increase their violence and intimidation.

Greater radicalisation and violence from Islamists will lead to greater social
and political polarisation which will increase the likelihood of communal

An Islamised, Talibanised state -- if it could be achieved -- would lead to
the disintegration of Indonesia.


Regarding the phenomenon of polarisation, Prof. Merle Ricklefs offers an
observation: "There certainly are radical characters in Indonesian history but
a lot of it is simply very pious people trying to lead a more pious life as
they understand it . . ."

And while some of these people do choose to adopt the more "pure" Islam,
others, according to Ricklefs, tend to say: "'Well look, that's what Islam is
and maybe I'm not very interested.' And just to give you one example: one of
the places most subject to religious violence in Indonesia, religious
extremism today is in Surakarta, in Central Java, where I've done a lot of
research work. Surakarta if I remember my statistics correctly, in the early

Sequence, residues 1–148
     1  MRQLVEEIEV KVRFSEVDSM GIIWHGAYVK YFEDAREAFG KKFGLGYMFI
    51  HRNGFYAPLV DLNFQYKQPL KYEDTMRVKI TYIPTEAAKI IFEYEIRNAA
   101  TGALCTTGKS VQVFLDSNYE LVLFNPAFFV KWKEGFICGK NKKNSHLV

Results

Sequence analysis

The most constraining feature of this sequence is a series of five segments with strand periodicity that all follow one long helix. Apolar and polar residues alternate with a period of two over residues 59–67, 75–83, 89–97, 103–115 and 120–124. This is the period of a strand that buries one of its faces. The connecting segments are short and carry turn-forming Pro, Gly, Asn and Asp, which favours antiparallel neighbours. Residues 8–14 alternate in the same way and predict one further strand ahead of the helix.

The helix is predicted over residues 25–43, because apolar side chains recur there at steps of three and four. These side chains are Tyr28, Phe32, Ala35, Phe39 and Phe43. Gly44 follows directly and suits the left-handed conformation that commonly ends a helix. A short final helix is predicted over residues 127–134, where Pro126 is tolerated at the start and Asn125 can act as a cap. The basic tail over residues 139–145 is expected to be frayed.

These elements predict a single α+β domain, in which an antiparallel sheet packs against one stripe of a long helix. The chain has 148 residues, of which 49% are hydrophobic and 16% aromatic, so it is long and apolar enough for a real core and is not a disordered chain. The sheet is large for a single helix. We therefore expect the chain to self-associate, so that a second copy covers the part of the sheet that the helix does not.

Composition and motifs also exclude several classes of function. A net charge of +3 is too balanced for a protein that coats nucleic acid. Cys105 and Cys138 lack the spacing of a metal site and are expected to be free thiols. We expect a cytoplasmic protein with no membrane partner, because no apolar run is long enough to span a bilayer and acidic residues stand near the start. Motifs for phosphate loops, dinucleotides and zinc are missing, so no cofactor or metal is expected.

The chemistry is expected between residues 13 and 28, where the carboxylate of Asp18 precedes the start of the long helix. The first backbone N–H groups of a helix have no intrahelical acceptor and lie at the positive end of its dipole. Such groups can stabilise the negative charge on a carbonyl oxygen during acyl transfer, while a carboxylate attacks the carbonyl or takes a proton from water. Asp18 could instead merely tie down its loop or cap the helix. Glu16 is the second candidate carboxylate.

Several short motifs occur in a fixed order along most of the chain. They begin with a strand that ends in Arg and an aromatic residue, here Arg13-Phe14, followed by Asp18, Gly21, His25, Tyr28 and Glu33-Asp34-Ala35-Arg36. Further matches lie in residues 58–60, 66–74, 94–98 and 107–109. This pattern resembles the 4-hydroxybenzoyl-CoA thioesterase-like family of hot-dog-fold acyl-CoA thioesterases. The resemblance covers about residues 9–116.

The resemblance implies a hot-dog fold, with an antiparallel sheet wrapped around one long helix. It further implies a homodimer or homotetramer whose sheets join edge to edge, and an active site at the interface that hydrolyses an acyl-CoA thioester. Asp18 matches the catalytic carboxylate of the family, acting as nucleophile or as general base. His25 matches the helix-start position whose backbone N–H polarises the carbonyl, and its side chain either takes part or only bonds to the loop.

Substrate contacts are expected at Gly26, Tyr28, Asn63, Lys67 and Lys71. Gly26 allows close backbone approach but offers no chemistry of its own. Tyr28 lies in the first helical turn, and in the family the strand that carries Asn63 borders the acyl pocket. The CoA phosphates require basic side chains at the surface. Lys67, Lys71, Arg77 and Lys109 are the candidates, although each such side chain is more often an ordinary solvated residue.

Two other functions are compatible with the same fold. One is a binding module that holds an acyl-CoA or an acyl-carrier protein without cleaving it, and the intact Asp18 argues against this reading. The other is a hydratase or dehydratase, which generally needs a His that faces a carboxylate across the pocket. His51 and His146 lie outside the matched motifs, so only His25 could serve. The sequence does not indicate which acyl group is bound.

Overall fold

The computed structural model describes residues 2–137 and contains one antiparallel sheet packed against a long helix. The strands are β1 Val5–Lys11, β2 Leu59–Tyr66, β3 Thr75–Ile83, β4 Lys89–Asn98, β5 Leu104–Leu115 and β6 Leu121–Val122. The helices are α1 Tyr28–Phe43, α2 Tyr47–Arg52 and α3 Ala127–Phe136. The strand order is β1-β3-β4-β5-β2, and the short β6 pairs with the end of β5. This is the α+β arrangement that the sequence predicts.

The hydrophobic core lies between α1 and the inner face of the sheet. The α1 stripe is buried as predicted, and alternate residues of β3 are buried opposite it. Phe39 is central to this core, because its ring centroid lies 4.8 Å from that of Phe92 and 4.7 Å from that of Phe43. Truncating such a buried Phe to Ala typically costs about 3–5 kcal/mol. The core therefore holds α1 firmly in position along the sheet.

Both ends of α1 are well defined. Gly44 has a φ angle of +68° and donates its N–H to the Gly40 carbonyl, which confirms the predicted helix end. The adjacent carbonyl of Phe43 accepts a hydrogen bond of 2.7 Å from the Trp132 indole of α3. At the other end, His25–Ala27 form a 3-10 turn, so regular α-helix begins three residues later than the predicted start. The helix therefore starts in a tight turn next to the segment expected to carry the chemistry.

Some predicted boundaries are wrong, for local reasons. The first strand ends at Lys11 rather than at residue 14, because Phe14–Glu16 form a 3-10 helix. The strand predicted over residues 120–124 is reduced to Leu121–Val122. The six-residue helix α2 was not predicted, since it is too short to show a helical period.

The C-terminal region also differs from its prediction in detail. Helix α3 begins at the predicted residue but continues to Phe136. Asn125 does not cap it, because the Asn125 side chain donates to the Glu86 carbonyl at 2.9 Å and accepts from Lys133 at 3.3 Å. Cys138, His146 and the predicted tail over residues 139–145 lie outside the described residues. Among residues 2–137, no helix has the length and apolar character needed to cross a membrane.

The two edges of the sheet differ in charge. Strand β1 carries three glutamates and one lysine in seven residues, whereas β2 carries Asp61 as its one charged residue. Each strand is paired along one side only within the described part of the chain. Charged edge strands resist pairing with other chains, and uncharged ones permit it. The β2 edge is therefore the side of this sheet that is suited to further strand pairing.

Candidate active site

1970s had something like 15 percent of the population was Christian. Now
there's been a lot of Islamic violence in the streets of course where Abu
Bakir Bashir is, where the military school is, and now the percentage of
population which is Christian is at least 26 percent. In other words, the
opposition created is so great, it isn't just people say, 'Well I'm not that
kind of Muslim,' a very substantial number of people say, 'Well I'm not Muslim
at all, I'm going to become Christian instead.' That's the most extreme form
of polarisation which has been driven, in my view, by religious extremism."

Prof. Ricklef's forecast is: ". . . that the use of violence by these
[Islamic] groups, the manifest ability of these groups to intimidate
government, will first of all lose SBY the election, but also very likely will
make a lot of people say this is intolerable and turn them away from Islamic
parties. I suspect you're going to see a lot of social and political
polarisation, and polarisation of course is always dangerous in a society, it
could easily lead to violence."

Elizabeth Kendal


1) UPDATE (Indonesia): Decree banning religious group must be revoked
Asian Human Rights Commission – Urgent Appeals Programme
Urgent Appeal Update: AHRC-UAU-036-2008. 12 June 2008

2) Indonesian officials order Ahmadiyah sect to return to mainstream Islam
By Peter Gelling, 9 June 2008

3) Indonesia sect mulls legal action against decree. 10 June 2008http://www.radioaustralia.net.au/news/stories/200806/s2270653.htm